HVAC systems rely on air filters to remove dust and allergens from the air. If the filter isn’t changed regularly, the system will struggle to draw in air through the clogged screen, and a buildup of particles can also accumulate in the coils—both problems will compromise the energy efficiency of the system, resulting in poor temperature control, sluggish performance, and higher monthly energy bills.

But quality air filters can do more than just keep your system running at its best. Advanced filtration systems can remove everything from pollutants to bacteria to odors, creating measurable benefits for homeowners. In fact, indoor air pollution ranks among the top five environmental health risks, according to the EPA. Having a quality air filter can protect both your HVAC system as well as household members who suffer from allergies, asthma, or sensitivity to dust and other particles.

Getting the Right Fit for Your Home

How can you tell what filter is right for your household’s needs? First, you’ll need to know which size and type of filter to buy. You can find this information by referring to your owner’s manual, talking with your HVAC professional, or checking the existing filter in your system. Second, you’ll want to determine the level of filtration needed for your home. The American Society of Heating, Refrigerating and Air-Conditioning Engineers (ASHRAE) rates the effectiveness of air filters using a Minimum Efficiency Reporting Value (MERV). The higher the MERV rating, the more capable a filter is of trapping smaller particles. ASHRAE recommends buying an air filter with a minimum MERV rating of six.

There are three basic types of air filters, and the filtration capacity of each depends on its size and density.

Fiberglass Filter

Fiberglass. These inexpensive, disposable filters are best at removing large particles. Since the filtration capacity is typically lower, these need to be inspected—and often changed—on a monthly basis, particularly during the summer and winter months when HVAC systems are working overtime. Polyester filters are similar in quality to fiberglass filters, but have more tightly woven fabrics to better capture particles.*

Pleated Filter

Pleated. These disposable filters have a larger surface area and are designed to capture more particles and last longer than standard fiberglass filters.*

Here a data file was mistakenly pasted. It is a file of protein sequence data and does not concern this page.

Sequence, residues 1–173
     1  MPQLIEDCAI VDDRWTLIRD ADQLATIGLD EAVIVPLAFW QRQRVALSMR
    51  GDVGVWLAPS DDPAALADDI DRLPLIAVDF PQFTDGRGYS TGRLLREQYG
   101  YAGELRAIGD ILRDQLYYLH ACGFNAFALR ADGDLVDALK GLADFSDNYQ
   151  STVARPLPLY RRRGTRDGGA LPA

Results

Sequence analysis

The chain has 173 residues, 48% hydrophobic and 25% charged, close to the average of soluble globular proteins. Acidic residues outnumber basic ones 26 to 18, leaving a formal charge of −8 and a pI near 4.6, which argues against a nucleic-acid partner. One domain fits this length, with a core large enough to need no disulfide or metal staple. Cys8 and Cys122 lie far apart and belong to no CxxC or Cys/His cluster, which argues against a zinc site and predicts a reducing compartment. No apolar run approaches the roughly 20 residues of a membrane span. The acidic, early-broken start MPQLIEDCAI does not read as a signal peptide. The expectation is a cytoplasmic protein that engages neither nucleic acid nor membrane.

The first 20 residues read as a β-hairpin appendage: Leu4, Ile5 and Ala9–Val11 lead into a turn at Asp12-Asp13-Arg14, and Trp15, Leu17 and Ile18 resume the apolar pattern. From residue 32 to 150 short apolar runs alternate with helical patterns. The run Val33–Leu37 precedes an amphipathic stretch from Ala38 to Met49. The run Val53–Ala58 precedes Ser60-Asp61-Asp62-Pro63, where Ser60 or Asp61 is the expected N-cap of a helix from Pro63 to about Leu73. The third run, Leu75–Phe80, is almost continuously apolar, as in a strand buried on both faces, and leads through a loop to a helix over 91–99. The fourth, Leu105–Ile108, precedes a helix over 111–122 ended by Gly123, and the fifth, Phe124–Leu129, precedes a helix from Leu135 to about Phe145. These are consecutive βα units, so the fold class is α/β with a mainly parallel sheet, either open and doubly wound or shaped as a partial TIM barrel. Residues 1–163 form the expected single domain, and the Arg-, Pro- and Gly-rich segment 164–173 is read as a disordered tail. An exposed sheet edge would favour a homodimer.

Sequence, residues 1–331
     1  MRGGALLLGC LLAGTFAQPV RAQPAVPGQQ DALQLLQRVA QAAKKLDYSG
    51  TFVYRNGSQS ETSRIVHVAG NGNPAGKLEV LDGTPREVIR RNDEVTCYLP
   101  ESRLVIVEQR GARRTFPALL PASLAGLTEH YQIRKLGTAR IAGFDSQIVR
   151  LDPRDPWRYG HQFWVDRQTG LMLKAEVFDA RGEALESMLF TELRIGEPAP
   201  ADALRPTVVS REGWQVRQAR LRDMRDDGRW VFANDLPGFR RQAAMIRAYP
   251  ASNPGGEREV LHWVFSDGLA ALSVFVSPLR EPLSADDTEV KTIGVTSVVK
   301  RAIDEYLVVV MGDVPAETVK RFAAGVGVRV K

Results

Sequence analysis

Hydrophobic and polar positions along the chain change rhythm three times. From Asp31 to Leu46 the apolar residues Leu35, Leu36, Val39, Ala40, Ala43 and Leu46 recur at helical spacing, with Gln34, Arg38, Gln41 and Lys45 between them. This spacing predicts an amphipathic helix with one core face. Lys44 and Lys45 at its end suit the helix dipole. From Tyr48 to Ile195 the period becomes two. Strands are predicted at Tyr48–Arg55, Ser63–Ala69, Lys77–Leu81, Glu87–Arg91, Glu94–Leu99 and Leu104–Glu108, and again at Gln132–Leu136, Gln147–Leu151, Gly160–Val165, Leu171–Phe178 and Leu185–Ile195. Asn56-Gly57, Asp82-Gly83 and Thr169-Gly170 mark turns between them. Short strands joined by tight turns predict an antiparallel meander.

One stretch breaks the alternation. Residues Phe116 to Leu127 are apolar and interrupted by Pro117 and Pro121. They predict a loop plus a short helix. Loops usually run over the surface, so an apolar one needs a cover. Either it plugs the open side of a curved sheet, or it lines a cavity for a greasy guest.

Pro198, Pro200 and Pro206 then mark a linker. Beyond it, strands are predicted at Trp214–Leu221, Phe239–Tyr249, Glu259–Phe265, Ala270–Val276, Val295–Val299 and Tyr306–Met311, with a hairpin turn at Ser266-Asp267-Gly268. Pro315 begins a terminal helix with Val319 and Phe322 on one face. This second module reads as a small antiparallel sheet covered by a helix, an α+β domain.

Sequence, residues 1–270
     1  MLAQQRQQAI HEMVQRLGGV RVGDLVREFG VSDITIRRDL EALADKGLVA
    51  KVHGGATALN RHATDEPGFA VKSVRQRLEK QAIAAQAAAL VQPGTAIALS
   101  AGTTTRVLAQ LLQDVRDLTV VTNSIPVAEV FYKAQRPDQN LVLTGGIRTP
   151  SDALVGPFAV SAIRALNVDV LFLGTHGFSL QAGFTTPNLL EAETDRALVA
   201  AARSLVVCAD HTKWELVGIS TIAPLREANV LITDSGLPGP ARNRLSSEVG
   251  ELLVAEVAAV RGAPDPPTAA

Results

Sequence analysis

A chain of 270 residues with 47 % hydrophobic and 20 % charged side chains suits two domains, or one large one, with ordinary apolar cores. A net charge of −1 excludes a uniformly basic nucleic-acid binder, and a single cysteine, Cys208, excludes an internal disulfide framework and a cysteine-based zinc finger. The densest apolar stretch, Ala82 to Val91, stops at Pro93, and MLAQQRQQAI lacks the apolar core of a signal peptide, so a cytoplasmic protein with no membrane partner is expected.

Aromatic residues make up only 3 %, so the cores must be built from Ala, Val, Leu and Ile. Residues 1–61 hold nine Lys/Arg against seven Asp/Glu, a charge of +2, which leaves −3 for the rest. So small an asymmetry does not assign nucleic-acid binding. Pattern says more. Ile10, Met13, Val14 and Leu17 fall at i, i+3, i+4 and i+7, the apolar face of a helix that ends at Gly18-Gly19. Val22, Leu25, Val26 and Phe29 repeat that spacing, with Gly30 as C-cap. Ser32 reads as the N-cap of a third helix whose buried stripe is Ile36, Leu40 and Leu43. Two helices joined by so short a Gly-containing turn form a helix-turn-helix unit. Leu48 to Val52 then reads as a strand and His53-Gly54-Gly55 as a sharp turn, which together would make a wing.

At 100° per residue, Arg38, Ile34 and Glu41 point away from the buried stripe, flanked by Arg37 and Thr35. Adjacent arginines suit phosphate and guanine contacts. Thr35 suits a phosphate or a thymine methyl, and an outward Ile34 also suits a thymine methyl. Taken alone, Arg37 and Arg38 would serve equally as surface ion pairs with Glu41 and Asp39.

Reusable Filter

Reusable. The key advantage to reusable filters is that they only need to be replaced every few years, but it is essential to vacuum or wash them regularly, depending on the filter’s requirements. Keep in mind that cleaning a filter can expose you to the harmful particles that it trapped.*

*NOTE: This filter type is available in standard or electrostatic forms. Electrostatic filters boost performance with charged fibers that capture smaller particles. However, once the charged fibers are covered in particles of the opposite charge, the filter will lose its ability to collect smaller particles. It’s important to stay on top of the maintenance requirements for these filters by changing or cleaning them when needed.

Write the date on your filter before placing it in your system so that you’ll know when it’s time to replace it. ENERGY STAR recommends checking your air filter monthly. Follow product guidelines for changing your filter, understanding that it may need to be changed more frequently during high-use seasons, such as winter and summer. Also, be sure to schedule routine inspections and maintenance checks on your HVAC system with a qualified professional.

Click Here to View Your Local Best Pick® Duct Cleaning Contractors

Sources: American Society of Heating, Refrigerating and Air-Conditioning Engineers (ASHRAE); ENERGY STAR; EPA.

For more information on our sources, please contact us directly.